Posted by: stpowen | February 9, 2011

Learning the Lessons of History (2)

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I am sure that I cannot be alone in seeing remarkable parallels between the early 18th Century and today.  In our own time we have seen a marked decline in Christian orthodoxy and teaching, most prominently within the Church of England but also in most other denominations.  Scientific discoveries have led to the view among many that the whole Universe can be explained by natural processes and scientists find that they gain more kudos by commenting on religion than by sticking to their work.  Lack of religious belief has led to a precipitous decline in morality.  Pornography, crime, violence, alcoholism, family breakdown, venereal disease, gambling, illegitimacy have all increased just as they did 280 years ago.  The words of the Bible speak as accurately of the 17th Century as they do of our own:  ’And even as they did not like to retain God in their knowledge, God gave them over to a debased mind, to do those things which are not fitting’ (Romans 1:28).

We can also see parallels in the responses of various church ministers.  Some are more than happy to abandon any pretence of orthodoxy, and preach a God who is not Judge, a Christ who cannot save and a heaven to be attained without repentance.  Others are eager to receive Government money to further their  charitable schemes even when it means compromising Christian doctrine.  Even among the orthodox we find one group desperate to conform to the spirit of the age and another that draws itself into a tiny coterie, damning anyone who will not pronounce its shibboleths.

So what was the aftermath of the Salters’ Hall fiasco?  It has become an axiom among Christian writers that the Nonconformist churches were all adversely affected.  Certainly this is true of the Presbyterian and General Baptist churches, which succumbed almost entirely to Unitarianism and had almost disappeared by around 1790 (23).  There is some debate as to how the Particular Baptists and Congregationalists fared.  Most Church Historians, like Michael Haykin, state that these churches also declined, though to a lesser extent- some in to liberalism and others into hyper-Calvinism.  David Fountain however (24) takes a different view.  He points to a letter written by Congregationalist Philip Dodderidge to Isaac Watts in 1730:  “I know that in many of the congregations the number of Dissenters is greatly increased within these twenty years; and the interest continues so to flourish, that I am confident some of our honest people, who converse only in their own neighbourhood, will be surprised to hear of an inquiry into the causes of its decay.”  In the same letter, Dodderidge speaks of preaching in a barn, “To a pretty large assembly of plain country people.”  In the preface of his Humble Attempt, Watts wrote, “Among the papers published last year, there hath been some enquiry made, whether there be any decay of the dissenting interest, and what may be supposed to have been the occasion of it.  So far as I have searched into these matters, I have been informed that whatsoever decrease may have appeared in some places there hath been sensible advances in others.”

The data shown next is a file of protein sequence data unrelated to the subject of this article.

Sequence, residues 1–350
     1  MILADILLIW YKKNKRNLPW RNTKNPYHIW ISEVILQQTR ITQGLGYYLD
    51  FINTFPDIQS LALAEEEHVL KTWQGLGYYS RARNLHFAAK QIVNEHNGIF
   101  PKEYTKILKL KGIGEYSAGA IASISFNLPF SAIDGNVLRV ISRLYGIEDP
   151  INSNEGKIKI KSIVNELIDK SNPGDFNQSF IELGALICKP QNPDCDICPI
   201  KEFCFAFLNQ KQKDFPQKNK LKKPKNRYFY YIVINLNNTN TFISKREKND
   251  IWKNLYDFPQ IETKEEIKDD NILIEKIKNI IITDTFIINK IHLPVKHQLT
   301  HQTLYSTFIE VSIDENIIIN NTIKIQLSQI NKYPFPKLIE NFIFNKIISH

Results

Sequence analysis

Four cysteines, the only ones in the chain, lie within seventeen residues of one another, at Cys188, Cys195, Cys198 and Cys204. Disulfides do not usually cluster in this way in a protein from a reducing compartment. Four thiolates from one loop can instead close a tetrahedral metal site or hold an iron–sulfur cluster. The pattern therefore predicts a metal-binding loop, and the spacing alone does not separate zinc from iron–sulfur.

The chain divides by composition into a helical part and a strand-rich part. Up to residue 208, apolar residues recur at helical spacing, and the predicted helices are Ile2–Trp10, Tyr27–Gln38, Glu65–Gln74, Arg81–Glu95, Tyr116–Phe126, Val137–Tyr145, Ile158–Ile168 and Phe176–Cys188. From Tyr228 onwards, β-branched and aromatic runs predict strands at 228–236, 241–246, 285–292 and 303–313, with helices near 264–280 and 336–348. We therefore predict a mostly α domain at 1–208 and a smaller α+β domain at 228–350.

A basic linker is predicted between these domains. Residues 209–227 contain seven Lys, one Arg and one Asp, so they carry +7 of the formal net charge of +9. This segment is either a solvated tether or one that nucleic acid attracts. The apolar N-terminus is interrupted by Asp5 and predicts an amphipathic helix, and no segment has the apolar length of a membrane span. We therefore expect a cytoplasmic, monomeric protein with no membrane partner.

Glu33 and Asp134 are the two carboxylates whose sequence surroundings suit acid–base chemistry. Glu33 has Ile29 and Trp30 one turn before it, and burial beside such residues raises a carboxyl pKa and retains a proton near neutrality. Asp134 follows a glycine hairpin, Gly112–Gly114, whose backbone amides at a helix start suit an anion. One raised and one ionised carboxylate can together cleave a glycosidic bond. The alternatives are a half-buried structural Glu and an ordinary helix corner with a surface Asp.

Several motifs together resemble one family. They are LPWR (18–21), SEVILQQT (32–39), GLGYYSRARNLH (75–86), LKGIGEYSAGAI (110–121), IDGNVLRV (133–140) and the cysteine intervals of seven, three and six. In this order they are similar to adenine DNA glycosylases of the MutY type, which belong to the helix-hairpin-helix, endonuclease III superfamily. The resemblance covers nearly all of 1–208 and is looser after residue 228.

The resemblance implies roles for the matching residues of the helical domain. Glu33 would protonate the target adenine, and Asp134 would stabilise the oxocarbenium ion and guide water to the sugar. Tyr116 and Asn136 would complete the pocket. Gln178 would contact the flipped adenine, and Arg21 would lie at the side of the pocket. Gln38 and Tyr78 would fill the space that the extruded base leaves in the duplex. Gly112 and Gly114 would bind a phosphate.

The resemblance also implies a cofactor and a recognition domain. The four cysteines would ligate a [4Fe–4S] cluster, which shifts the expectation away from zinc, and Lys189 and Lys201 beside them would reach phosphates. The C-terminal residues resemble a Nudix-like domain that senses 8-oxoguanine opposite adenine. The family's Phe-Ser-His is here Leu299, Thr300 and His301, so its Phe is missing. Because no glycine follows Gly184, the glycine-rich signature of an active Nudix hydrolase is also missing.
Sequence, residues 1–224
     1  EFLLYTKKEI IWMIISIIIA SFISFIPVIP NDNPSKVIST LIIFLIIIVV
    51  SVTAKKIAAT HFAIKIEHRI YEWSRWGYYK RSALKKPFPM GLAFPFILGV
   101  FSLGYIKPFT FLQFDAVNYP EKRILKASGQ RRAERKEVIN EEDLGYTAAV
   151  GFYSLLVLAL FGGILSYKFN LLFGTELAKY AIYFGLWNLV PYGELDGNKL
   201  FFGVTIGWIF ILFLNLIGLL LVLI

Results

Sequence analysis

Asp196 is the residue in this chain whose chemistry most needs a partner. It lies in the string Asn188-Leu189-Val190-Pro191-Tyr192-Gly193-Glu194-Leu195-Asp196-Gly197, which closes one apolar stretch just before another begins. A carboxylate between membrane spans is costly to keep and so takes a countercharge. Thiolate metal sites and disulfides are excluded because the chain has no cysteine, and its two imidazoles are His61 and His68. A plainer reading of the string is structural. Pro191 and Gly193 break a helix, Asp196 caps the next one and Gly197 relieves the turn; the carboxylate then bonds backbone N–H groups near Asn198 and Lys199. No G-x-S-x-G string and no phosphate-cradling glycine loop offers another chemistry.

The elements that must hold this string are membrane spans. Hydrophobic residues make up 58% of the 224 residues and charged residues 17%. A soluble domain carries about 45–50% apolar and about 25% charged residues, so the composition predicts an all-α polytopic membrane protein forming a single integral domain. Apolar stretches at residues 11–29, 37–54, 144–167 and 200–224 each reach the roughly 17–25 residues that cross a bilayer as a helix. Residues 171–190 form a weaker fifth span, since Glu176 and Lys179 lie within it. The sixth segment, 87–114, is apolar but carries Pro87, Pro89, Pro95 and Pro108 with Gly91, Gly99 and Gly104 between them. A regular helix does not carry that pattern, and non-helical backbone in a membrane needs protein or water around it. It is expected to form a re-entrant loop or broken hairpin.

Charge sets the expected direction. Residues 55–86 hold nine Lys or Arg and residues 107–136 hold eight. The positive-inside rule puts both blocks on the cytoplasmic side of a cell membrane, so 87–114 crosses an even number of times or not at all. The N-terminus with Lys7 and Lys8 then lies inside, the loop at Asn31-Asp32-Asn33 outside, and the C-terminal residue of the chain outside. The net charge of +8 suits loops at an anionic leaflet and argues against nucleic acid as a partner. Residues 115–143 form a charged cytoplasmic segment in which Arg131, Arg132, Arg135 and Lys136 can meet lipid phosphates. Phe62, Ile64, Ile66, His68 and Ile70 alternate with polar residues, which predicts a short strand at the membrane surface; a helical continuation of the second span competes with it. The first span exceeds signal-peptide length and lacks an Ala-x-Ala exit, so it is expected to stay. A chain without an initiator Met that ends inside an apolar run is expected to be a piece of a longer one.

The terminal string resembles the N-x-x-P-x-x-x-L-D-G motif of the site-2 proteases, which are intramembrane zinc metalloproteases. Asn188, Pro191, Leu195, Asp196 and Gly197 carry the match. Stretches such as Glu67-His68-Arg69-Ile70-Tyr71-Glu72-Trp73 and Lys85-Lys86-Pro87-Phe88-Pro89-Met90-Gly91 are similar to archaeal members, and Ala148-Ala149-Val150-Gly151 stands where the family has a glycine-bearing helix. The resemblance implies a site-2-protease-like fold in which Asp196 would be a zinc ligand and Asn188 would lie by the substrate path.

Fountain concludes, “It is important to notice the fact that some churches were advancing, because this is generally ignored.  Upon a careful examination of the evidence it is simple to see what was happening.  Those churches that were abandoning the doctrines of the gospel were going down, but those that were true to the gospel were increasing.  On the whole the Dissenters were growing in spite of the decay among the Presbyterians.”  He backs this up by reference to a book written early in the 19th Century; A History of Dissenters by Bennet and Bogue.  This book has been very difficult to obtain for many years, but has now been republished (25).  The authors quote two surveys of Dissenting churches, one taken in 1715, shortly after the death of Queen Anne, and the other in 1772.  The earlier survey shows that there were 1,107 dissenting churches in England of which 247 were Baptist; the second reveals 1,092 Dissenting churches of which 390 were Baptist (26).  So although the non-conformist churches had declined as a whole, the number of Baptist churches had risen by more than a half.  The overall decline may be attributed to the demise of most of the Presbyterian and General Baptist congregations, and it may be assumed that Particular Baptist churches must have grown very strongly in number to compensate for the decline of their General Baptist cousins. Congregational churches must also have increased.  This is not to say that the Particular Baptists had no problems at this time.  We read of the congregation at Trowbridge becoming Arian under its minister, Thomas Lucas.  The church at Taunton went the same way.  Yet these losses, sad as they may have been, were more than compensated for by the growth elsewhere.  The membership of Benjamin Beddome’s congregation at Bourton-on-the-water increased numerically by 176 between 1740, when he arrived, and 1764 (27).